The wall separating the old city of Jerusalem from the newer portion is pictured here in this photo submitted by Angel Bradford from her recent trip to the Holy Land.
JERUSALEM -- Standing atop a hill in a part of the Old City, not far from some of Christianity, Islam and Judaism's holiest sites, Albany resident Angel Bradford noticed a black plume of smoke rising into an otherwise blue sky.
"It reminded me of how, back home, sometimes you'll see farmers burning off fields in the distance, it was that kind of gray, black smoke," Bradford said. "But we found out later that we were looking towards the Gaza strip and that those were rocket attacks."
It was the first day that rocket brigades from the Gaza strip signaled the beginning of an offensive operation targeting Israel, prompting retaliation from the Israeli Defense Force and pushing a region already on the edge of war closer to the brink.
Bradford, a devout Catholic, and her group of 20 from the Archdiocese of Savannah, had almost wrapped up their whirlwind, nine-day tour of holy sites throughout the region when the attacks began.
"It had been a really great trip," Bradford said. "We were joking that everywhere Jesus had walked, we ran because there was just so much to see and take in, and then, as we're about to come home, this reality kind of struck us."
The reality that, among the holy sites and breathtaking vistas, lies an ever-present undercurrent of violence which has raged for centuries.
As the group traversed the country to return home, they were met with air raid sirens and thumps of more rocket fire, and all the encoutrements of a country in a nearly constant state of war.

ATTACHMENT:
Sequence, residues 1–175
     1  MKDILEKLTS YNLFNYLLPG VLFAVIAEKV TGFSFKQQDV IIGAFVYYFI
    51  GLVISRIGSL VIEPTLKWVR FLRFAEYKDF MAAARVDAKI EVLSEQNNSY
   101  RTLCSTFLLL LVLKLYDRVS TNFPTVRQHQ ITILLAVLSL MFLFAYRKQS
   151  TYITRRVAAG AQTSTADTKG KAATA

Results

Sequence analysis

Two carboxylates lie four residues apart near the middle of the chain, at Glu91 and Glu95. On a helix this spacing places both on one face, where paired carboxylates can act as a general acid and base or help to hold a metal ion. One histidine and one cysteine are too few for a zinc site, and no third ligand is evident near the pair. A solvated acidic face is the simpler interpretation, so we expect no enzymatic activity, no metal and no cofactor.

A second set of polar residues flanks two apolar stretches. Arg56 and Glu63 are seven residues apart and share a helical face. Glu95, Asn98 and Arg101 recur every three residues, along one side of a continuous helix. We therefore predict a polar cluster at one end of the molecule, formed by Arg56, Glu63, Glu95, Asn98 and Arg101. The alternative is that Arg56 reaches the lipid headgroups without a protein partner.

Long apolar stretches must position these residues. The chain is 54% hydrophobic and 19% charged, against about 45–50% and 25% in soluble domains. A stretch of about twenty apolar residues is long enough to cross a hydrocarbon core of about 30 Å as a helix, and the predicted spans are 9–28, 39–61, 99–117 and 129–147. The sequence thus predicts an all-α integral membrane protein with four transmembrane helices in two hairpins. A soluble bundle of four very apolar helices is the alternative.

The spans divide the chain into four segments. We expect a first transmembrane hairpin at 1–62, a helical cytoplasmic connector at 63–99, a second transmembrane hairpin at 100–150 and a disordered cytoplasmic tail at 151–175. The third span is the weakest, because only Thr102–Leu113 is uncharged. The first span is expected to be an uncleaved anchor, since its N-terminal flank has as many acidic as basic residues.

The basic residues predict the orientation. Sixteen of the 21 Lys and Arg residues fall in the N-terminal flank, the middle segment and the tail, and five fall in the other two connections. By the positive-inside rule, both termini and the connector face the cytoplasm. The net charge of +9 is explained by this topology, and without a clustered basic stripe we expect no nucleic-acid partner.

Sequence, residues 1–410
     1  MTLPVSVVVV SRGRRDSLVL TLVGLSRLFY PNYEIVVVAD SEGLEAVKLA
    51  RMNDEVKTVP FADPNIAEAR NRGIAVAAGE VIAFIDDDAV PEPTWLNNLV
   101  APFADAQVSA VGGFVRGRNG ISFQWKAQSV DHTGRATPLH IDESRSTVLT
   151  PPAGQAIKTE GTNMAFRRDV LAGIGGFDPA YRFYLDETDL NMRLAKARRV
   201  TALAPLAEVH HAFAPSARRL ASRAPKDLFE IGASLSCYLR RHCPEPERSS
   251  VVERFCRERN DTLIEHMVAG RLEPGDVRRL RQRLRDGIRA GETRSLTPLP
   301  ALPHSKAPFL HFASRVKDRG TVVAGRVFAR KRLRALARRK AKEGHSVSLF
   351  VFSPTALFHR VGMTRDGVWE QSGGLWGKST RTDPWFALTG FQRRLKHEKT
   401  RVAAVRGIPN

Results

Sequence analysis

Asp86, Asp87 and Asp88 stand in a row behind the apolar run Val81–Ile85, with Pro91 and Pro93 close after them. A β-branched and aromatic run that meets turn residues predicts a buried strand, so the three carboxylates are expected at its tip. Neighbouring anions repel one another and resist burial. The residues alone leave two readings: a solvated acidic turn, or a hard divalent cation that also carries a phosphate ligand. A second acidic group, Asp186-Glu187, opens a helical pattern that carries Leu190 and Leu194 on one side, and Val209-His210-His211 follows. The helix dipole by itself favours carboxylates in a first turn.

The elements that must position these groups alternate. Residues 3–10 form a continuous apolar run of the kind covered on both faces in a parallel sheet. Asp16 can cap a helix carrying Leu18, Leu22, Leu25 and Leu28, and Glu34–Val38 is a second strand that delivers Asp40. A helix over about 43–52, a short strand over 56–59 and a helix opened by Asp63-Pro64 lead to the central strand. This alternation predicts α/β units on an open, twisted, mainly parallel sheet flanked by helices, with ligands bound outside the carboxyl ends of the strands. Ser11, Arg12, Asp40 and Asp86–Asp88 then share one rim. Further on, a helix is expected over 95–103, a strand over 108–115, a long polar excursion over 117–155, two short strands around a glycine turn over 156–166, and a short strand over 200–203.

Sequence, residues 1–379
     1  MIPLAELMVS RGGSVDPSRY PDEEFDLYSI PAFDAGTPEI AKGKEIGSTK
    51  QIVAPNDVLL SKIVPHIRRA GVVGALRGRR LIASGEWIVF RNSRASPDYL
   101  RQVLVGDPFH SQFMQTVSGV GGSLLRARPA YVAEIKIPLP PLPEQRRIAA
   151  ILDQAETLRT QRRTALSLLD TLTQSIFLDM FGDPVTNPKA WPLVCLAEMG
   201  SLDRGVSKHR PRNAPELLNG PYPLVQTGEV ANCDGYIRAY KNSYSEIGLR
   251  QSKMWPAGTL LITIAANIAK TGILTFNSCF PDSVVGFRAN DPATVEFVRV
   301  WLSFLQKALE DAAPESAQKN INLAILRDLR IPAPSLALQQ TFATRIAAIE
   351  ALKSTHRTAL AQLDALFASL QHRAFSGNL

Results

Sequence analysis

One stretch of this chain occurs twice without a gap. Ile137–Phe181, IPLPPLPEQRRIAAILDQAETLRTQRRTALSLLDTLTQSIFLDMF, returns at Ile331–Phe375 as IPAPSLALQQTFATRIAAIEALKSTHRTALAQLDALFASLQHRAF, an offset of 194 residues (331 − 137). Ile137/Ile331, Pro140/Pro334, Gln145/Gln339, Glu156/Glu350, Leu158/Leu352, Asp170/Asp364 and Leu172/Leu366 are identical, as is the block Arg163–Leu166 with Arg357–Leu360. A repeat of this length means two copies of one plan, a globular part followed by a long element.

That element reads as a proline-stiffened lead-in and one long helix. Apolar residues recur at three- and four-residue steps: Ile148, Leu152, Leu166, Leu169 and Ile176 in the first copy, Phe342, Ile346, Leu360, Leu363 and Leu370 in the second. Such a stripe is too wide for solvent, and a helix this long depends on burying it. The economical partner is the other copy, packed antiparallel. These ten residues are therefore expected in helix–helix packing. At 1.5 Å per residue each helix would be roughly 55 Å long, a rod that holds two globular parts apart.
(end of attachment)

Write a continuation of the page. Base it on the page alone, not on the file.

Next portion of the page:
"The security is just unbelievable," Bradford says. "There's a strong military presence just about everywhere you go."
Bradford said that all of the vehicles coming into the airport in Tel Aviv were searched; all people were searched heading into the airport -- a far cry from an American culture where random searches are often bemoaned as an inconvenience or a loss of individual liberty.
"It really drives home the fact that we have so much to be thankful for here," Bradford said. "That we don't have to walk around in a constant state of fear; that we don't have wonder if our bus is going to blow up or if they'll be a suicide bomber at our coffee shop."
Despite the flare up in violence during their trip, Bradford described her travels to the Holy Land as a "profoundly life-changing experience," that helped bring her closer to her God and solidified her faith.
"Just to see first-hand the things that we had read about in the Bible and studied, and we had mass every day in places like Bethlehem and Galilee...it really was amazing," she said.